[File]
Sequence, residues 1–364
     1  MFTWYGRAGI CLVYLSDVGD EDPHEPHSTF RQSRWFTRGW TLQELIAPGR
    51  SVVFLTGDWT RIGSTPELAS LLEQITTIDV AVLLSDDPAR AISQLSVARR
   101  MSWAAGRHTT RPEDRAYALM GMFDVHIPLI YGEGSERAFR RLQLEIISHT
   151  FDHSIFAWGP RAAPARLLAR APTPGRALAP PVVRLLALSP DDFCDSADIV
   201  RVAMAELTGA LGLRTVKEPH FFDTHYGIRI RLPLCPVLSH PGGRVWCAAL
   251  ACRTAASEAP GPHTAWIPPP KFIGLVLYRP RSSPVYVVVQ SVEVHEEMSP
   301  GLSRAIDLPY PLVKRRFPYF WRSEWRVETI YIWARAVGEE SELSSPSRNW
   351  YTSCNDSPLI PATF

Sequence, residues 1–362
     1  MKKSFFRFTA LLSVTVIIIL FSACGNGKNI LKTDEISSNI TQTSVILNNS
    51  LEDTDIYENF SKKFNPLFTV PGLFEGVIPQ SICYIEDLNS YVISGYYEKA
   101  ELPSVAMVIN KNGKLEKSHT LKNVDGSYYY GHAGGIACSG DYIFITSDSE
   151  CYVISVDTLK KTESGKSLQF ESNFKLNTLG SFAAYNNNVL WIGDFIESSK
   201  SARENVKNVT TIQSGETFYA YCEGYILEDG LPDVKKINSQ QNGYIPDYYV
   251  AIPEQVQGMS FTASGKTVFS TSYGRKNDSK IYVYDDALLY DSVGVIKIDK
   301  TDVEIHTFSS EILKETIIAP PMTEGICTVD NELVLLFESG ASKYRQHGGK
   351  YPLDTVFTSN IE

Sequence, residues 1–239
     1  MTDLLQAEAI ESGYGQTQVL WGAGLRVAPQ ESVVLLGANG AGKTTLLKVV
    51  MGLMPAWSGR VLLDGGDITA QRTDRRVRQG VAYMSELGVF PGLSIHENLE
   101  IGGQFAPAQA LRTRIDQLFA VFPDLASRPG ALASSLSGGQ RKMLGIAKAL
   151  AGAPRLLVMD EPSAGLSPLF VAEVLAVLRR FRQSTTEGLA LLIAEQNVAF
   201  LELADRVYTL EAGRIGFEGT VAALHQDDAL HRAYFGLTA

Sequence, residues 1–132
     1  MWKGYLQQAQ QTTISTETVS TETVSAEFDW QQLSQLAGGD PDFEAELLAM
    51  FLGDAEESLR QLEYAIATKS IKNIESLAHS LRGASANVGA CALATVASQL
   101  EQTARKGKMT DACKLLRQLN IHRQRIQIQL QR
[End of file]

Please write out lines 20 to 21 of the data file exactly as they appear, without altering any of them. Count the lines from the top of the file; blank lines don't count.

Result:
     1  MTDLLQAEAI ESGYGQTQVL WGAGLRVAPQ ESVVLLGANG AGKTTLLKVV
    51  MGLMPAWSGR VLLDGGDITA QRTDRRVRQG VAYMSELGVF PGLSIHENLE